hide Matching Documents

The documents where this entity occurs most often are shown below. Click on a document to open it.

Document Max. Freq Min. Freq
A Dictionary of Greek and Roman biography and mythology (ed. William Smith) 109 109 Browse Search
Frank Frost Abbott, Commentary on Selected Letters of Cicero 8 8 Browse Search
M. Tullius Cicero, De Officiis: index (ed. Walter Miller) 3 3 Browse Search
J. B. Greenough, G. L. Kittredge, Select Orations of Cicero , Allen and Greenough's Edition. 3 3 Browse Search
Knight's Mechanical Encyclopedia (ed. Knight) 2 2 Browse Search
Samuel Ball Platner, Thomas Ashby, A Topographical Dictionary of Ancient Rome 2 2 Browse Search
J. B. Greenough, Benjamin L. D'Ooge, M. Grant Daniell, Commentary on Caesar's Gallic War 2 2 Browse Search
Appian, The Foreign Wars (ed. Horace White) 2 2 Browse Search
Titus Livius (Livy), Ab Urbe Condita, books 31-34 (ed. Evan T. Sage, Ph.D. Professor of Latin and Head of the Department of Classics in the University of Pittsburgh) 1 1 Browse Search
M. Annaeus Lucanus, Pharsalia (ed. Sir Edward Ridley) 1 1 Browse Search
View all matching documents...

Browsing named entities in J. B. Greenough, G. L. Kittredge, Select Orations of Cicero , Allen and Greenough's Edition.. You can also browse the collection for 63 BC or search for 63 BC in all documents.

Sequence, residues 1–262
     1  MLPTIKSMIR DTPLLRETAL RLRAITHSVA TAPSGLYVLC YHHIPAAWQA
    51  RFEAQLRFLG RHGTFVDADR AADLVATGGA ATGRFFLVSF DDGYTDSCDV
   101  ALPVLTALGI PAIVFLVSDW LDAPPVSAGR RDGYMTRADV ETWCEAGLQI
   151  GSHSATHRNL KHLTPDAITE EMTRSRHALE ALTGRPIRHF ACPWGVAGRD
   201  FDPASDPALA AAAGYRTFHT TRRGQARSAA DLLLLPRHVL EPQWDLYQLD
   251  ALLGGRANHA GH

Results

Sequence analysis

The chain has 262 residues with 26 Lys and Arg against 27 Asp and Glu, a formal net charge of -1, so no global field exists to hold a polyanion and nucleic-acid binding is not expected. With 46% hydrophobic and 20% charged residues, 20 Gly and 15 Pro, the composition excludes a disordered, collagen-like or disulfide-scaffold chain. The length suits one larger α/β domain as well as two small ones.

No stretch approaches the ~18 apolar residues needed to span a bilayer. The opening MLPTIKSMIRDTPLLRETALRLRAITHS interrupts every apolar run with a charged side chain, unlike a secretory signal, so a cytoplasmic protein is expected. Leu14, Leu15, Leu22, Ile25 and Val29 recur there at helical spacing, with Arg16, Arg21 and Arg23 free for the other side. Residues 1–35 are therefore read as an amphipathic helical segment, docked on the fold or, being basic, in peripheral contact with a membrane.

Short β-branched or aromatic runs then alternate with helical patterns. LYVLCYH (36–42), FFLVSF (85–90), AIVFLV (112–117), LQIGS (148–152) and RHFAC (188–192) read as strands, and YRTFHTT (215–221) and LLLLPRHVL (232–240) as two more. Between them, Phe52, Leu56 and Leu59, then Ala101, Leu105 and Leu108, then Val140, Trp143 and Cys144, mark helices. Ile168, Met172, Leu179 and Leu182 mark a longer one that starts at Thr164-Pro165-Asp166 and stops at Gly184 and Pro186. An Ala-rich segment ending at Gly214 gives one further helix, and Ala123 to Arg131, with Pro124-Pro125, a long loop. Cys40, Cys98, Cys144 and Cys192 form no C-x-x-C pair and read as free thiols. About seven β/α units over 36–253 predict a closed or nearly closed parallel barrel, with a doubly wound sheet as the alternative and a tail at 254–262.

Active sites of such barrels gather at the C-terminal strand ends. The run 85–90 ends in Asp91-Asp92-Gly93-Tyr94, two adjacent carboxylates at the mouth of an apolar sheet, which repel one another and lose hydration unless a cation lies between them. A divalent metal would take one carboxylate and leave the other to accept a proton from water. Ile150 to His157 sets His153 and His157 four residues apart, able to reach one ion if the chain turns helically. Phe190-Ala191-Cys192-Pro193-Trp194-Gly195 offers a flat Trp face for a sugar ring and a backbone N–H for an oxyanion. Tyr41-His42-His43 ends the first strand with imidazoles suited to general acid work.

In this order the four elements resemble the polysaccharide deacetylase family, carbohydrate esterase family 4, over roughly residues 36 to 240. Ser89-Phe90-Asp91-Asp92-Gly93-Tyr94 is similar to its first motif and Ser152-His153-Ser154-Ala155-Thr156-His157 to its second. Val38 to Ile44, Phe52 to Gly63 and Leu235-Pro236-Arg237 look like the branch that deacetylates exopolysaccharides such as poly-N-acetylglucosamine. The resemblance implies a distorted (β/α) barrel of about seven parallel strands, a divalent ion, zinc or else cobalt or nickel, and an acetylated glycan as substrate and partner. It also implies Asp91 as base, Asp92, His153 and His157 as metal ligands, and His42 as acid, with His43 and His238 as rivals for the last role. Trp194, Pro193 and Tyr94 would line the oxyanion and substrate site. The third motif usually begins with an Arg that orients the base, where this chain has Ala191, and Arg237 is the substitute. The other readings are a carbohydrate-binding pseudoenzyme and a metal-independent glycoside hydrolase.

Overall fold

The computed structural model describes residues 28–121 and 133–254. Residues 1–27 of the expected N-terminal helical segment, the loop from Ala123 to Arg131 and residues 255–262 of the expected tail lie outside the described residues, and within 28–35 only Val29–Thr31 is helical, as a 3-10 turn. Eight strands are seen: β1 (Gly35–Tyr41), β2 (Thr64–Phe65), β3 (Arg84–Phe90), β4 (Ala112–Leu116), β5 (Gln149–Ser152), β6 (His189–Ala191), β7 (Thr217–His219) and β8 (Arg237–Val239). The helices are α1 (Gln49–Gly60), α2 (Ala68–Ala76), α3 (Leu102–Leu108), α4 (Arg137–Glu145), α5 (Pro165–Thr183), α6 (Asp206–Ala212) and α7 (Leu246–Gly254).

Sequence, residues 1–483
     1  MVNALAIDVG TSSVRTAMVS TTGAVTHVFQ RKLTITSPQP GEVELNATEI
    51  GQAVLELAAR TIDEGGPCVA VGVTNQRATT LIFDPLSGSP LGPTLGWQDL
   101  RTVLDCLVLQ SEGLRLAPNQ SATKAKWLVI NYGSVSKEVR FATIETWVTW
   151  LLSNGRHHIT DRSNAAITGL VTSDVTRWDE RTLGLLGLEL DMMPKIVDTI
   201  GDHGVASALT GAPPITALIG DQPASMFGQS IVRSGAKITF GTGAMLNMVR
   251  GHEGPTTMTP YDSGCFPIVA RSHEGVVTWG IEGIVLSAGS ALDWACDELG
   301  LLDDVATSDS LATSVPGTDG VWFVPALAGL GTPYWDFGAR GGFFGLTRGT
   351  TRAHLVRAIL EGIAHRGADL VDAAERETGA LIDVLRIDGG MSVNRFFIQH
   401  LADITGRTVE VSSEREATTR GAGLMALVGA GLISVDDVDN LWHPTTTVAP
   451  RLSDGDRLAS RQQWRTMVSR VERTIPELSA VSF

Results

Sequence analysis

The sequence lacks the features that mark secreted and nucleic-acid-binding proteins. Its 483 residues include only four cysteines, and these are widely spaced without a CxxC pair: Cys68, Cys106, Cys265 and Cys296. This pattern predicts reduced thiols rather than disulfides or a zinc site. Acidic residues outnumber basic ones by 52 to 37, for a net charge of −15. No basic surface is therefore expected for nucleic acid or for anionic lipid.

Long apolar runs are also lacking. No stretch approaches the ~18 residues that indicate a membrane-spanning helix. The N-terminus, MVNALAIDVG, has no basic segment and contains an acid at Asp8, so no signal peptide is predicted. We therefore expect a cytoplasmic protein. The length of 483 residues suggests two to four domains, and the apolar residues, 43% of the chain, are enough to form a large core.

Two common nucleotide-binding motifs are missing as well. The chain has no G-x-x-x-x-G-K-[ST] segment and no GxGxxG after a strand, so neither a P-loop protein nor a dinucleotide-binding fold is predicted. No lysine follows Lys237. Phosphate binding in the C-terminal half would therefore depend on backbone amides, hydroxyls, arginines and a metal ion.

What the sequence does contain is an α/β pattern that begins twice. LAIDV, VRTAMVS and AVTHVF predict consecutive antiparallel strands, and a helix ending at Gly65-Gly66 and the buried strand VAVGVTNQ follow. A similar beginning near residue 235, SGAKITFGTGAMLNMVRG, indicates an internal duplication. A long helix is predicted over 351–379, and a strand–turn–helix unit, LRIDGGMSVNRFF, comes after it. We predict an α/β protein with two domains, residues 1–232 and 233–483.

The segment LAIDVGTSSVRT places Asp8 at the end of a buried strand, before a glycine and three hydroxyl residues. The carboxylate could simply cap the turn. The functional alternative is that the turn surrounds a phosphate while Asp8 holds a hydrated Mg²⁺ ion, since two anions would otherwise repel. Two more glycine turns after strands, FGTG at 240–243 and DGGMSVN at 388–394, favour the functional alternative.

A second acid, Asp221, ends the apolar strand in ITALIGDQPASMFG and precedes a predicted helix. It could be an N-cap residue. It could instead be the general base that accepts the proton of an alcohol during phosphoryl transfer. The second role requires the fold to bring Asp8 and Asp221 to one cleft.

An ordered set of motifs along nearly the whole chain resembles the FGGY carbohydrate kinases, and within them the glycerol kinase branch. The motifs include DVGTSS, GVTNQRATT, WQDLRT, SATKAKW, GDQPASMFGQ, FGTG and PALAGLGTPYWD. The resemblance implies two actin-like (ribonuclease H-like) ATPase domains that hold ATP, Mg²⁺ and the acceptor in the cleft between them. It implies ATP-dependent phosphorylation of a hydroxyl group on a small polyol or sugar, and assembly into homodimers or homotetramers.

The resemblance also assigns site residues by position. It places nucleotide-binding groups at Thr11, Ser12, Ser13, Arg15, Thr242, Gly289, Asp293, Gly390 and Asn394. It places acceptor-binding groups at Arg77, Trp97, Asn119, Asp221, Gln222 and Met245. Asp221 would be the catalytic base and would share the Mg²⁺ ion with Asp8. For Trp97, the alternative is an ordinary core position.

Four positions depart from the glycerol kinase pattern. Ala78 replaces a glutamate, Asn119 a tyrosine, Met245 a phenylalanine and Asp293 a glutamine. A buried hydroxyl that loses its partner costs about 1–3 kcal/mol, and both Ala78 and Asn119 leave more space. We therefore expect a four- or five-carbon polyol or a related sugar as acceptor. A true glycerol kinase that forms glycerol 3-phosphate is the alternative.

Your search returned 3 results in 1 document section:

J. B. Greenough, G. L. Kittredge, Select Orations of Cicero , Allen and Greenough's Edition., Life of Cicero. (search)
lar succession of curule offices. After his praetorship he refused a province See p. lxi. in order to remain at home and canvass for his consulship. Consulship (B.C. 63). For the consulship of B.C. 63 there were six candidates, but of these only Cicero, Catiline, and C. Antonius were prominent. The contest was not merely one of pB.C. 63 there were six candidates, but of these only Cicero, Catiline, and C. Antonius were prominent. The contest was not merely one of personal ambition. The first and second conspiracies of Catiline, as well as his notorious character, could have left no doubt that his aims were treasonable. Antonius had combined with him for mutual support in securing election by illegal means, and was himself a weak and unprincipled man. On the other hand, Cicero was a novus hoer, and he always regarded it as one of the greatest of human achievements. In fact, however, it marked the beginning of his downfall. Consulship to Banishment (B.C. 63-58). The execution of the conspirators without the forms of law was a blunder, and grievously did Cicero answer for it. He had distinctly violated the constitutio